The first things you notice are the hands.
Even from far away, it is apparent that Green Bay Packers quarterback Aaron Rodgers has good-sized hands. As one observer on the sideline at Zable Stadium called them yesterday, “catcher’s mitts.” Certainly large enough to wrap around a football like most of us wrap ours around a double-decker sandwich.
However, these hands have worked wonders. Five months ago, they were the key to precision passes to Packer teammates Greg Jennings and Jordy Nelson en route to a rousing post-season performance of almost 1,100 yards and nine touchdown passes in four playoff games, the last a 31-25 Super Bowl victory over the Pittsburgh Steelers.
The hands that held not only the Vince Lombardi trophy, but also that of the game’s Most Valuable Player. The hands that might be holding an ESPY award in two weeks as either the Best Male Athlete or Best NFL Player, or both.
Not bad for a guy who was only 5’10” and 160 pounds, with no scholarship offers, out of high school.
What? Not true?
Rodgers bluntly interrupted the first reporter’s (fortunately from another outlet) question at yesterday’s press session, held inside the Laycock Football Complex, adjacent to the Stadium. “That’s incorrect. I was 6’2”, 195.”
But the part about no scholarships may have been true.
“I didn’t have any expectations coming out of high school,” noted Rodgers, the star guest of William and Mary head football coach Jimmye Laycock’s Colonial All-Pro Camp, which ended yesterday. “I was a realist. I wasn’t a great player yet. I knew that I had a lot of hard work between where I was at and where I wanted to be, at a big-time Division I program.”
Only one, Illinois, made an offer, as a walk-on. In a surprising move, Rodgers turned down the offer and decided to play at tiny Butte Community College, near his hometown of Chico, California. In 2002, after leading his team to a 10-1 record while throwing 28 touchdowns, other schools took notice. California, led by Coach Jeff Tedford, was one of them.
Immediately, Rodgers took charge of the Bears offense, throwing for almost 5,500 yards and 43 TD’s in his first two years at Cal. In spite of having one year of eligibility remaining, the junior made himself available for the 2005 draft and fell all the way to the 24th pick before being scooped up by the Packers.
Rodgers was groomed to be the heir apparent to future Hall-of-Famer Brett Favre. However, Favre began his on-again, off-again relationship with the topic of retirement early in Rodgers’ career, not leaving until finally being traded to the New York Jets in 2008, soon after talking himself out of retirement for a third time.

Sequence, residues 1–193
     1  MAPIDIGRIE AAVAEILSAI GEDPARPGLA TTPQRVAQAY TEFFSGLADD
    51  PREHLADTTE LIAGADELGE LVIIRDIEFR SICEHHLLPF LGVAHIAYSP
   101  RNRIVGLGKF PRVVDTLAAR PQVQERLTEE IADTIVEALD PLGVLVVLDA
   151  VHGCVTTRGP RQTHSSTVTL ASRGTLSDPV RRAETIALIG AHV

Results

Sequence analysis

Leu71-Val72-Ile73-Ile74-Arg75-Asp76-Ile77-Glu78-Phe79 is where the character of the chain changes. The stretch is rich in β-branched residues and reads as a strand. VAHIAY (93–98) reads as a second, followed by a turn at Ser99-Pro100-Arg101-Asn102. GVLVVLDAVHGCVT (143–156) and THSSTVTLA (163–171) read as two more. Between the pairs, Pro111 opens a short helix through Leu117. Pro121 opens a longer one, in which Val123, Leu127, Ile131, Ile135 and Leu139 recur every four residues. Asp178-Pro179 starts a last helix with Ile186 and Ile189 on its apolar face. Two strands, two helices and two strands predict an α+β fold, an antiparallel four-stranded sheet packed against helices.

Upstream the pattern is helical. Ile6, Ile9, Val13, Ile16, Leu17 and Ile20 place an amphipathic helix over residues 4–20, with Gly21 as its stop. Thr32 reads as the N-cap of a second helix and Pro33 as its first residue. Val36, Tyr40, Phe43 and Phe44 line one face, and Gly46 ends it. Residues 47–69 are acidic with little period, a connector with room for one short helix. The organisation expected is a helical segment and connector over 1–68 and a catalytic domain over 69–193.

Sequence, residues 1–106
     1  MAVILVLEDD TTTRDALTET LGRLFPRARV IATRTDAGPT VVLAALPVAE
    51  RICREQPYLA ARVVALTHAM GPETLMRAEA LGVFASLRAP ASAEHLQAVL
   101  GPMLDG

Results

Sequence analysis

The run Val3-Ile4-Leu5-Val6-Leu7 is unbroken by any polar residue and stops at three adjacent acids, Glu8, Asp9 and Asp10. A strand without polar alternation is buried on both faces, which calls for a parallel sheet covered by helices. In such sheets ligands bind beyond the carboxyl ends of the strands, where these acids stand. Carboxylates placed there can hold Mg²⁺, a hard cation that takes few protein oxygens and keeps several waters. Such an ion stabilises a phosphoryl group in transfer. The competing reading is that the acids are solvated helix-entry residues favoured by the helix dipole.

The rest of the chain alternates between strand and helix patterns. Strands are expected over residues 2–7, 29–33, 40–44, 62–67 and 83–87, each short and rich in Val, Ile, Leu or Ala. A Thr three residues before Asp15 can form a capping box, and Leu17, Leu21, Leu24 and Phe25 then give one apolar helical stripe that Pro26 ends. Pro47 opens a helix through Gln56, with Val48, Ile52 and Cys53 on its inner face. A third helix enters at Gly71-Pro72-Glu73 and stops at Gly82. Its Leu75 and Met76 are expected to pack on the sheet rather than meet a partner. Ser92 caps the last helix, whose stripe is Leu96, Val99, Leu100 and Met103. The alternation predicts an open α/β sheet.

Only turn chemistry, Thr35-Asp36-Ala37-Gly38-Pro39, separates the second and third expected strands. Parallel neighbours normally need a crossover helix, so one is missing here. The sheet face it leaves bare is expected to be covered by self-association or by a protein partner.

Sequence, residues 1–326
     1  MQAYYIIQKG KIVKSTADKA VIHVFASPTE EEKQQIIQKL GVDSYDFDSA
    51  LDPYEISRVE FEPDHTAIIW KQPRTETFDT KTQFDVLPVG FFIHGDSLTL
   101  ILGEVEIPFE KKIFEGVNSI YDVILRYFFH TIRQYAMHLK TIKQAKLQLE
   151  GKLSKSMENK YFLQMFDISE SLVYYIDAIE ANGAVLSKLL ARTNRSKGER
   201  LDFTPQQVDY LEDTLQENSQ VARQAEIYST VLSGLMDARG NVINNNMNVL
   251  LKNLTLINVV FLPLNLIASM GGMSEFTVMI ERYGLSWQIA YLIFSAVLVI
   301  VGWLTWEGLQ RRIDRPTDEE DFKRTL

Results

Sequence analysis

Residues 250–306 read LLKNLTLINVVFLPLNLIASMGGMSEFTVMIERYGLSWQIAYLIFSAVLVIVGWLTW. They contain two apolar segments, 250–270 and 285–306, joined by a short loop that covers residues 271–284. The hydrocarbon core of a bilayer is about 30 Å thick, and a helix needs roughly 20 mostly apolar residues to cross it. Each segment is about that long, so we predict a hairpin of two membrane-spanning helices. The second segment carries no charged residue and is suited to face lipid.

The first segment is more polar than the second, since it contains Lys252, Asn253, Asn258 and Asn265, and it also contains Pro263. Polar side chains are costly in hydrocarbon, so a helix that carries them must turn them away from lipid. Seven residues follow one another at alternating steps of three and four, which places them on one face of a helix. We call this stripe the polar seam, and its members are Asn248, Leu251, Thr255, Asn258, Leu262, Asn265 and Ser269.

While many players may have faltered from the unwillingness of the mentor to leave, Rodgers only grew stronger.
“It (the experience) forced me to improve as a football player, but also as a person. I knew that the opportunity was going to come and I was going to have to make the most of it. People were going to be watching, and I knew that the way I prepared for that situation would go a long way in the locker room with those guys (teammates).”
It may have also taught the quarterback something about humility. Yesterday, the large hands of the quarterback who has thrown for over 12,000 yards over the past three years while posting the highest passer rating in regular and post-season history, was lobbing soft passes for hundreds of young campers, waiting patiently for their opportunity to catch a ball from perhaps the hottest hand in the NFL.
For the record, neither hand was sporting the Super Bowl ring that Rodgers and his teammates collected earlier this month.
Back to the camp subject, it would seem that Rodgers was simply emulating his own camp experience as a youth. Again, no?
“I remember being a kid in California and not having this opportunity. To be able to spend time at a camp setting, with college players and Clay (Matthews), Ndamukong (Suh) and myself (Matthews and Suh appeared on Sunday and Monday, respectively), it’s just exciting to be here. Hopefully, we’ll inspire the kids in some way because I remember being that little kid with a dream.”
One parent, Hoss (“Everyone calls me Hoss,” he said), brought his wife and children for the festivities. Although living on the Peninsula, both parents are from the Green Bay area, and were happy as Packers fans to be able to see Rodgers and Matthews. “We try to make it here whenever a pro player visits,” he said. The children appeared to be in possession of a Packers helmet which may or may not have been signed over the course of the morning.
Looking at next season, Rodgers is hopeful that in spite of the lost time, his teammates and he will be ready when and if the strike ends.
“I miss the guys. I’m probably in the best shape of my life, but getting ready to play, whenever that happens.” On the team front, he added, “I’m getting ready to begin my seventh year. Capers (Dom, the defensive coordinator) is in the third year with his system. (Head coach) Mike McCarthy is starting his sixth year. We’re not going to lose a lot of players. We don’t have to make a lot of adjustments as a team.”